While there are a handful of carex varieties, Pennsylvania sedge is one of the most popular. Often used as a substitute for lawn grasses, carex can be mowed or allowed to grow into a more meadow-like planting, Meyers says. Easy to care for because it is disease resistant, drought tolerant, and unappetizing to most pests, Pennsylvania sedge should be watered about once every two weeks. Seed germination is difficult with this variety, so it’s recommended to plug small container grown plants into the lawn, instead.

  • Zones: 3 to 8
  • Size: 12 inches tall x 12 inches wide
  • Growing Conditions: Partial shade; average, moist soil

Tidal Pool

Tidal pool

Densely mounding speedwell is a low-growing plant that masses tiny, bright blue flowers that bloom in mid to late spring. The drought, heat, and humidity tolerant plant should be watered regularly, or whenever the top 3 inches of soil are dry. Plant tidal pool about 1 to 2 feet apart to give it ample room to spread, Funk says.

  • Zones: 3 to 8
  • Mature size: 1 to 2 inches tall x 24 inches wide
  • Soil requirements: Full sun; well-draining soil

10 Ground Cover Plants for Your Garden

Ground cover plants

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A baffling problem for many gardeners is what to grow in areas that are challenging. Have a tough slope or area that is hard to mow safely? Want to fill in around taller plants with a living mulch or grow a “stepable carpet” around your walkway pavers? Here are 10 low-maintenance ground cover plants that add curb appeal!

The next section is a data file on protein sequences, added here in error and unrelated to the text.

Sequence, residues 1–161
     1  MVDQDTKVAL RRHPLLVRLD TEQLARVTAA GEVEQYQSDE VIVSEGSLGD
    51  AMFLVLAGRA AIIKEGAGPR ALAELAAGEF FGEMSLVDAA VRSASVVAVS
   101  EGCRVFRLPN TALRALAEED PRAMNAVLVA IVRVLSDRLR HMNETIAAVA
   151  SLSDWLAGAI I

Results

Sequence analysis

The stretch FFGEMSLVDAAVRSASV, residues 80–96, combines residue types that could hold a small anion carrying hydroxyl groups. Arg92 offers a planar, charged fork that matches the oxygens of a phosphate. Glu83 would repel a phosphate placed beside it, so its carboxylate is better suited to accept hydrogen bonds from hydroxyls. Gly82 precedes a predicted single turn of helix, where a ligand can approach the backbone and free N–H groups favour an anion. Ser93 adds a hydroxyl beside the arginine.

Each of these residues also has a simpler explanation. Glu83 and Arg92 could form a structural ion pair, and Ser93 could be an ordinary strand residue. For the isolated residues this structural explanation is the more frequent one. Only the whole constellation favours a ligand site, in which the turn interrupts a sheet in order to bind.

What Are Groundcovers?

  • areas where grass just doesn’t grow well, especially in shady areas such as under a tree.
  • covering slopes or steep hillsides where it’s hard to mow but also where plants can help with erosion.
  • hot, dry areas which receive little irrigation (think sedum!).
  • areas that border patios, driveways, and lawns as well as between patio stones and stepping pavers
  • high-traffic areas that need something tougher than grass.

And don’t just think of ground covers as cover-ups! They can provide flowering color and interest to your landscape. They can be beneficial to pollinators, stabilize soil, and grow where other plants won’t grow, such as under a tree.

Read Next

It’s important to choose the right ground cover for your needs, plant ground cover correctly, and also make sure that you pick a ground cover that can’t get quickly out of control.

1. Bearberry

Bearberry (Arctostaphylos uva-ursi) is extremely tolerant of poor soil, bearberry will even will grow in pure sand and will grow in sun or shade. The six-inch-tall evergreen has small, glossy, dark-green leaves that turn bronze-ish-red in autumn.

In spring, the entire plant is covered with tiny white flowers tinged with pink. These mature to bright red berries that birds love. Spaced 12 inches apart, plants will form a thick carpet in two or three seasons. Bearberry is hardy to Zone 2.


2. Hen-and-Chicks

Hens-and-chicks (Sempervivum) are great tucked between pavers and stones that line your pathways but you probably don’t want to walk on them, especially barefoot! They thrive in hot dry places where nothing else will grow and make a fine living mulch for a xeriscape garden. Zones 3-8.

Ground cover plants

Hens and chicks multiply fast and will soon tightly fill in a bare spot making it hard for weeds to gain a foothold.

3. Sedums

Sedum comes in many shapes and sizes but the low growing ones are perfect groundcovers for those hot dry slopes where nothing else grows. These spreading, mat-forming types of sedums resist drought by storing water in their fleshy stems and roots.

Practically bullet-proof, they are able to withstand any amount of abuse you throw at them and their blossoms will attract a multitude of bees and other beneficials. Zones 3-10. Two good choices, both hardy to Zone 4, are two-inch-tall ‘John Creech’ two-row sedum (Sedum spurium cv.), with pink flowers in June, and the six-inch-tall ‘Fuldaglut’ two-row sedum, with reddish or purple foliage and rose-red flowers from July through September.

Ground cover plants

4. Creeping Phlox